In Illinois-born James Fotopoulos’ Dignity, Agents Rainbow (Nathan Zellner) and Lamb (David Zellner) go on a belated pilgrimage to a mysterious world in search of “the secret language of color and light.” Beckettian in its deadpan style and stop-start repetition, this amusing riff on bodily imprisonment and spiritual escape chimed well with others in the strand, and appeared as a refreshingly lo-fi comedy alongside the more somber pretensions of the two already mentioned. Its themes of stasis and progress, meanwhile, were echoed by fellow Signs of Lifer How to Disappear Completely, the latest film from Filipino director Raya Martin. In that film, opening images of the Philippine islands prefigure an exploration of political fragmentation as framed through a domestic division. “What do you want?” the film asks us at its very beginning. A provocateur, Martin demands patience — the title card appears an hour in — and offers little reward, but for the intermittent indelible image, such as that of a young boy falling in slow motion from a tree branch. Excellent soundtrack from Filipino electro artist Eyedress.
The film that encapsulated the tension between progress and stasis most effectively, though, was Luis Lopez Carrasco’s El futuro. As opening soundbites establish, the film takes place in the aftermath of Spain’s 1982 general elections (Carrasco was born in 1981), in which the Spanish Socialist Workers Party won 48 percent of overall votes. Thereafter, the film presents to us — but for bookend sequences of an empty flat and an interlude of still photographs — a house party full of twenty-somethings clad in glad rags that scream the fads and colors of the period.
Like How to Disappear Completely‘s, El futuro‘s soundtrack is excellent. Effortlessly evoking time and place, it also captures that party vibe when, for a few brief moments, everything seems possible. And in a way, everything does: Here we have people brought together in a square frame in which to physically interact with one another and engage in debate. Texturally, meanwhile, the grainy imagery seems busy with life. And yet, said grain also imbues a retro feel, reminding us from start to finish that the optimism on display here seems already to have passed.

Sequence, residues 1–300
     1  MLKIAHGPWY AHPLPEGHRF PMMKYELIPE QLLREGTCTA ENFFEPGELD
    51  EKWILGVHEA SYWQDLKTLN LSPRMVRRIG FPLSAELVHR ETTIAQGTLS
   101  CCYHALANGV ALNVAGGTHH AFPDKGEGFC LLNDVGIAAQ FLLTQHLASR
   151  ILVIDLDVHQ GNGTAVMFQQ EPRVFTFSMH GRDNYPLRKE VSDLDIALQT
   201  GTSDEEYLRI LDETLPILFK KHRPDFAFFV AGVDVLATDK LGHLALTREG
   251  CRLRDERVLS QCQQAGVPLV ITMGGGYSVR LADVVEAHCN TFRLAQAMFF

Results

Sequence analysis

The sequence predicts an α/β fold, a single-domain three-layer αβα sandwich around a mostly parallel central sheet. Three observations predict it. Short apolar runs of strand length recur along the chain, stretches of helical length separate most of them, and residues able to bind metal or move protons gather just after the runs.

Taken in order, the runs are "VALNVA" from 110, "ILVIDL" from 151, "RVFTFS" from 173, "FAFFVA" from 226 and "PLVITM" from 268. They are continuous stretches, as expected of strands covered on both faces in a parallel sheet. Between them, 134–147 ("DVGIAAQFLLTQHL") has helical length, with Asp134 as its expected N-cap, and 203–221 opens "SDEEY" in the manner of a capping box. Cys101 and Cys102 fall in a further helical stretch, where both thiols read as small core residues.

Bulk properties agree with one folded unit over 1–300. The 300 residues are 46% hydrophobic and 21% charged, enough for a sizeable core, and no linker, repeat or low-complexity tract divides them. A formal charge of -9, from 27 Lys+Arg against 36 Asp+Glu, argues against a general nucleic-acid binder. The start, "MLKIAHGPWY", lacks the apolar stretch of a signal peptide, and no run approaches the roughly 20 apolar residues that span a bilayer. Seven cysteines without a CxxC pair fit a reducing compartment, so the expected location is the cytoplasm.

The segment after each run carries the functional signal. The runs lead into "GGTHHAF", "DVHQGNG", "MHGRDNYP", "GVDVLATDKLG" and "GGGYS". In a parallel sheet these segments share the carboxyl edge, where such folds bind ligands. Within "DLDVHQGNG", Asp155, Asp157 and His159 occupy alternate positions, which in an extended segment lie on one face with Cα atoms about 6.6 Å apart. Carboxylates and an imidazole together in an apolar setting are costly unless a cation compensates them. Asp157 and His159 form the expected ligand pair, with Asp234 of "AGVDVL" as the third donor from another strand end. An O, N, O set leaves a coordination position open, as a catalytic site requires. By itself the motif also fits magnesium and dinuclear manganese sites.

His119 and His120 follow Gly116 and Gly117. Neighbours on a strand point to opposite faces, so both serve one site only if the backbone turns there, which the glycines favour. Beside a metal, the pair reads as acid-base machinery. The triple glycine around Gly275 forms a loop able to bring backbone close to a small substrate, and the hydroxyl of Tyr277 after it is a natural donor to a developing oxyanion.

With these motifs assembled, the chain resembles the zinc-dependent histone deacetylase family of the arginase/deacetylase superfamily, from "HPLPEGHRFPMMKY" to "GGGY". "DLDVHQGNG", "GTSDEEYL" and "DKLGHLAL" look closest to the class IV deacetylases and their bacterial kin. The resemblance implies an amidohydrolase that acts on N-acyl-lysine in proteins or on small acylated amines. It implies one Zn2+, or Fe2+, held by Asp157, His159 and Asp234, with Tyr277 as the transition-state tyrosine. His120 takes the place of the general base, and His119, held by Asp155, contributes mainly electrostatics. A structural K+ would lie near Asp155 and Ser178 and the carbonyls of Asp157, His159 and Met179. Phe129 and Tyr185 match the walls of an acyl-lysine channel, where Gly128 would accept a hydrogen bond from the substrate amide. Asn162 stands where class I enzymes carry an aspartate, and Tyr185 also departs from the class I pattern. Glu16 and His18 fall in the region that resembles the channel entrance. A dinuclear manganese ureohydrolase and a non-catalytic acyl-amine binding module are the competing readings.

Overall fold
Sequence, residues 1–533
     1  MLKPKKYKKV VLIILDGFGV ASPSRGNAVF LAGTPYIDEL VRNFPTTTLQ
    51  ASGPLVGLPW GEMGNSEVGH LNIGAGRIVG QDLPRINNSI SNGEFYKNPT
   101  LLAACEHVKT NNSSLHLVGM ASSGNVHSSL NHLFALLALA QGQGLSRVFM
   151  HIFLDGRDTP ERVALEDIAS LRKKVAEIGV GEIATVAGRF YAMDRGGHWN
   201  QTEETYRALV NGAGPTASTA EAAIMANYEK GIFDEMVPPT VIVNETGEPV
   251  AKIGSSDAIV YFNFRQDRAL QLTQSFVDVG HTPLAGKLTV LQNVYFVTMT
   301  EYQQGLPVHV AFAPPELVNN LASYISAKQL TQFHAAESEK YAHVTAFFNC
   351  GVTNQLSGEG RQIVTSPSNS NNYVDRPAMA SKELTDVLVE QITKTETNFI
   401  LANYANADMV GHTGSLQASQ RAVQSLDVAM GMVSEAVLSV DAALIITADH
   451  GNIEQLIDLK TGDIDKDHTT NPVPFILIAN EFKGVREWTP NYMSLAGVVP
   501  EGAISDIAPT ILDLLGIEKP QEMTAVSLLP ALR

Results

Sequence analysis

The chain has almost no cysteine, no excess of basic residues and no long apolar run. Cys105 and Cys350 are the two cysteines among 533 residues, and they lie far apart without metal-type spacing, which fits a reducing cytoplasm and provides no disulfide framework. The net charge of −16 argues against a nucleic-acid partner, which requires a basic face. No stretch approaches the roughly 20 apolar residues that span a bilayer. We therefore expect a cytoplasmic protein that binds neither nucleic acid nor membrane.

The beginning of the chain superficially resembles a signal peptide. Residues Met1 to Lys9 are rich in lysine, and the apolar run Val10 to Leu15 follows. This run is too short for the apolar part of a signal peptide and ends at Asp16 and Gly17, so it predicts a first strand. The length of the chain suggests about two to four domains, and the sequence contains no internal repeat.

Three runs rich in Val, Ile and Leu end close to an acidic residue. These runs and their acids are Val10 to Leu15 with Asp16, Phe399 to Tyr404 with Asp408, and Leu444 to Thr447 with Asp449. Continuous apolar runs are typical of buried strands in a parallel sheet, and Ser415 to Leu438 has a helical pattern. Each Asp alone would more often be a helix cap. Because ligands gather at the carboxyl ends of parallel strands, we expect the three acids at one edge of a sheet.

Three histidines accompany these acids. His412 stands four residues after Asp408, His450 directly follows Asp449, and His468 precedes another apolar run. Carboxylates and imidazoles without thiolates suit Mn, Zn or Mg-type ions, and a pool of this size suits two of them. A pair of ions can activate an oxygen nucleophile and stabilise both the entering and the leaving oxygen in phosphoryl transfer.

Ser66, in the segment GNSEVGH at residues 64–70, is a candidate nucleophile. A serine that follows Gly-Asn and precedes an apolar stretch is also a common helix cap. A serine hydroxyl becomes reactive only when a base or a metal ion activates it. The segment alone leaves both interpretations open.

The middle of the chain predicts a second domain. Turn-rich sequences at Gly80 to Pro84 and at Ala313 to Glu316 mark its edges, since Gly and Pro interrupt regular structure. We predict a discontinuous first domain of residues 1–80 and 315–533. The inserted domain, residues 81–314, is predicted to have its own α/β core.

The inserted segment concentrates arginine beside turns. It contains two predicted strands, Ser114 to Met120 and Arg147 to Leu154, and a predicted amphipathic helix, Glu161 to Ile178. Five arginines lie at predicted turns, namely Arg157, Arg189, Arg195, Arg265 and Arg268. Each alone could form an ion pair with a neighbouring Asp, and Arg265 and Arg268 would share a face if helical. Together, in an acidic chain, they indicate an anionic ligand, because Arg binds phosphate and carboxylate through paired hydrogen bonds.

I saw El futuro on 15 August, a public holiday in Locarno and other Italian-speaking parts of Switzerland. I hadn’t realized at the time, but it made sense upon learning, as I had noted on my walk to the screening venue at half-eight in the morning how eerily quiet the route was. It was the kind of abandoned space in which one feels free to ruminate on the finer things in life — those perishable nuggets of positivity that the usual hustle and bustle of a commute precludes. Heading into the final days of the festival and my time there as part of its Critics Academy, I wondered about the people I had met and the opportunities to come.
Consequently, I saw El futuro with something resembling its own optimism brimming within. At one point, just before the film’s midway interlude of still photographs — to the beguiling sound of Aviador Dro’s “Nuclear Si” — I became transfixed by one image in particular, of a young woman, perhaps my own age. Framed in profile to the left of the image, she listens, watches, smiles. She is beautiful and makes me want to be there and to know her. Perhaps in some alternative future, I might.
Click here for more on Michael Pattison and this year’s Critics Academy.